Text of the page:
Fortunately, it appears my players agree. Looking at the feature voting page, plot and higher resolution are the two most popular features, respectively. And even though combat is fifth, it is the single most often talked about issue that players have. There's at least one good explanation for this discrepancy, so I've been thinking about what that might mean. It's possible I may need to make an executive decision to resuscitate the neglected feature.

I'll need some time to let that sink in. The plot work will take a while, so at least I'll have some time to consider it. (Read: hide from reality.)

Monday, April 16, 2012

On Public Relations

About a year ago, I made a PR blunder. I've probably made many in my life, but this one sticks in my mind especially because it helped inform my present strategy for dealing with the public.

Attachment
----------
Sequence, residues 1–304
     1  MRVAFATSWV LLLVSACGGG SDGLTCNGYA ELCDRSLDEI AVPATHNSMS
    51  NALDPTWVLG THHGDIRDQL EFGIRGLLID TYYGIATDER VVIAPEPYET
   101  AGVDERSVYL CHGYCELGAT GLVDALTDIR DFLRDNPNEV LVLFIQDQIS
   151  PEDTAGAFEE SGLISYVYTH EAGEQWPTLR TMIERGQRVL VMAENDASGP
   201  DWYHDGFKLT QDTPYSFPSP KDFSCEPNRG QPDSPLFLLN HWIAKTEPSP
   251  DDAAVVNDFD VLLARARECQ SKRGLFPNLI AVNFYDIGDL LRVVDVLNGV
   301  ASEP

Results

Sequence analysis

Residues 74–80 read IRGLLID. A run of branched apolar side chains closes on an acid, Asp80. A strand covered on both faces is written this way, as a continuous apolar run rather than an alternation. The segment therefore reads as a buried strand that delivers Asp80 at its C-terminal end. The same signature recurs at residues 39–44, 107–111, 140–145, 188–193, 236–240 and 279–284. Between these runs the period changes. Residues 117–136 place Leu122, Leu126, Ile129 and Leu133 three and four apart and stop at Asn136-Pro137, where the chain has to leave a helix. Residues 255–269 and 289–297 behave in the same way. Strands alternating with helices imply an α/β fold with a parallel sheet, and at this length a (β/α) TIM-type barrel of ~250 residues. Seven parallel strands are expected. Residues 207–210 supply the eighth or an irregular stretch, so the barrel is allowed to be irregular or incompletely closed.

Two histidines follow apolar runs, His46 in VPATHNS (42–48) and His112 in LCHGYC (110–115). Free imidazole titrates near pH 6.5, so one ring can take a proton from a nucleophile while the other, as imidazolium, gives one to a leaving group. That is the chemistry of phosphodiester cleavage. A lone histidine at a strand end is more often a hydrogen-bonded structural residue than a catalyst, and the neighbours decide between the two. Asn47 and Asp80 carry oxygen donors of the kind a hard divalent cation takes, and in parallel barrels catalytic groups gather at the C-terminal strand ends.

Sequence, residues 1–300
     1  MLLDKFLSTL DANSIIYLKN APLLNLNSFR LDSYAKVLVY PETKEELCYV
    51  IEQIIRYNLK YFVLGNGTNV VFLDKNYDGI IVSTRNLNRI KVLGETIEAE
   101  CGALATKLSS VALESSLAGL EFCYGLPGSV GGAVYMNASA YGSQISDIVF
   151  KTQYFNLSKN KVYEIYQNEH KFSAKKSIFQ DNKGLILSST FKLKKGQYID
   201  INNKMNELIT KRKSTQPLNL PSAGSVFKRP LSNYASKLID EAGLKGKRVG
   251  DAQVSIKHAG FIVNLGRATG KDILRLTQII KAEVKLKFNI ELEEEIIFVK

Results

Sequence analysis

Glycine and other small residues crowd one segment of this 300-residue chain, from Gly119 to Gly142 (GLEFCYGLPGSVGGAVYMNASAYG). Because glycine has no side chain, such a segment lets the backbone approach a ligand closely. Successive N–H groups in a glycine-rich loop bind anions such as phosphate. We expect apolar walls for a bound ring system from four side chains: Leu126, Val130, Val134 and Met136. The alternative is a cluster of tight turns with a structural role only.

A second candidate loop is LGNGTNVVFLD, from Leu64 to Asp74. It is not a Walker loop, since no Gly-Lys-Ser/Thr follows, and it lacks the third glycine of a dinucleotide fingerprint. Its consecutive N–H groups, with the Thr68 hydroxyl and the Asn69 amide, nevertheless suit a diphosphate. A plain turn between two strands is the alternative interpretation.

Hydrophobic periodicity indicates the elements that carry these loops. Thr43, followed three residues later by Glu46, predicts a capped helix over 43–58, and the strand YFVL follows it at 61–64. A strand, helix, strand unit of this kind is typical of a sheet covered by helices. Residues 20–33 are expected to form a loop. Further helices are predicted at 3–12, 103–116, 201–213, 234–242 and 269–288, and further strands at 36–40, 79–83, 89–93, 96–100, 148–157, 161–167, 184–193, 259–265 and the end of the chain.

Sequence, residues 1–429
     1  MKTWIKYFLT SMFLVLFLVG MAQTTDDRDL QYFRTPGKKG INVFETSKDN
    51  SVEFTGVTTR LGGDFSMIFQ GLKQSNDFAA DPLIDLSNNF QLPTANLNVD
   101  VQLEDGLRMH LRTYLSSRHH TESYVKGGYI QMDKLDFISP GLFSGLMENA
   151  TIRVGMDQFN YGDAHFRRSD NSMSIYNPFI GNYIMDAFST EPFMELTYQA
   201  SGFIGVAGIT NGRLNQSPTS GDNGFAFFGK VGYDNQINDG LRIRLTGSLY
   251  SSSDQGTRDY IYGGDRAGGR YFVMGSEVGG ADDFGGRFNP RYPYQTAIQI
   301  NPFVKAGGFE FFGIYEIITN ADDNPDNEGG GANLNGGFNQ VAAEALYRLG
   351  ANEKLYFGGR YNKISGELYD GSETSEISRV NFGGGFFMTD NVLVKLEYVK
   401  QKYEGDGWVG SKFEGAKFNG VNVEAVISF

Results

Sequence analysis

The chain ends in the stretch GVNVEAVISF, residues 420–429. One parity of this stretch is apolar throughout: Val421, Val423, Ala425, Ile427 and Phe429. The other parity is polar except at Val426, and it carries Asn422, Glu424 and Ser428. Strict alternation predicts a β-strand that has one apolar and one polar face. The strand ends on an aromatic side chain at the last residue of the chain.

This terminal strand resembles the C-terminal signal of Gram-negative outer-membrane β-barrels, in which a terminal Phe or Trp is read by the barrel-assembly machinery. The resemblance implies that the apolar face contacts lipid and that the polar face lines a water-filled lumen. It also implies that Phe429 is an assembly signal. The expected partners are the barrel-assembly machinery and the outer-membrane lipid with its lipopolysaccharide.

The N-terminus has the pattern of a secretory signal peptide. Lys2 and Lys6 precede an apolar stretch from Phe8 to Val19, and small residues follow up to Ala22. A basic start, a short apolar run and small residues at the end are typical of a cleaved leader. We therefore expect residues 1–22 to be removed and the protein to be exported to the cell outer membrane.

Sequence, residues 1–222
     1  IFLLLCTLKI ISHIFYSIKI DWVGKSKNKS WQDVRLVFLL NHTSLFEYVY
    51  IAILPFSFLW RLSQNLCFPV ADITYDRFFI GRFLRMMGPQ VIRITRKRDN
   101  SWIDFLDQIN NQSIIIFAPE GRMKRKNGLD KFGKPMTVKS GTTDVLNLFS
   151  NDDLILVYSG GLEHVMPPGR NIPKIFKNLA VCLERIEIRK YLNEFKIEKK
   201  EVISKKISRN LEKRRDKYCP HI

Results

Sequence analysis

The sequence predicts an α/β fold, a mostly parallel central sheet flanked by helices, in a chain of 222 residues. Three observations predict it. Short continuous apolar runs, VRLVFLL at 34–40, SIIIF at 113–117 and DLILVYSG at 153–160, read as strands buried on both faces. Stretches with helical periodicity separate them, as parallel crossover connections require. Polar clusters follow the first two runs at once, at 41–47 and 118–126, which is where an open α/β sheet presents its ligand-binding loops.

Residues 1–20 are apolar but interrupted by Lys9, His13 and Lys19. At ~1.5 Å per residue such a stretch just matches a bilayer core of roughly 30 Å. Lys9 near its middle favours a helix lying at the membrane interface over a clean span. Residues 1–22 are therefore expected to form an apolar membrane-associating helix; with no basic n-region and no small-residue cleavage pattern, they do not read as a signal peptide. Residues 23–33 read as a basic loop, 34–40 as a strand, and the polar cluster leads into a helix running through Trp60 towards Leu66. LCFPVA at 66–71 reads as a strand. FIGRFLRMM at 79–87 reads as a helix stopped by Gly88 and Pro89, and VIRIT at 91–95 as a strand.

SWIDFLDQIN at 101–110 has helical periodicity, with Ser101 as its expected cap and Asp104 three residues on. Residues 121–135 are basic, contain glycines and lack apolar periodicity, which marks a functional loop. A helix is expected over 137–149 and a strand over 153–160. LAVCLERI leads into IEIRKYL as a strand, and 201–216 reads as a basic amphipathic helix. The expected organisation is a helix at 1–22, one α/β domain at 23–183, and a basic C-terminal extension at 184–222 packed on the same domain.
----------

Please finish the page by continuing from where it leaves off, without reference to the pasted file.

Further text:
Invited to do a guest post at Tales of the Rampant Coyote, I decided I would write about my job at BioWare. As an indie just starting out, I had little else to offer besides some insight into my former life at BioWare. I tried to pick a few topics that seemed interesting, such as where games came from, and why big developers don't experiment with smaller games more often.

Unfortunately, I also decided to speak up on the love/hate relationship fans had with BioWare. This was shortly after DA2 launched, so the topic was current for me. I had seen some pretty nasty things said about my teammates and friends. Some of it was quite frustrating, since it accused many of them of malice and/or idiocy, which I knew wasn't the case.

It's a touchy subject to begin with, with many facets and where emotions run high. Any misstep can be miscontrued as an attack or dismissal. So when I tromped through the topic indelicately, some ire was raised. In particular, comments regarding the article elsewhere on the net were pretty scathing (some going so far as to call out my criminal incompetence as an artist on DA:O).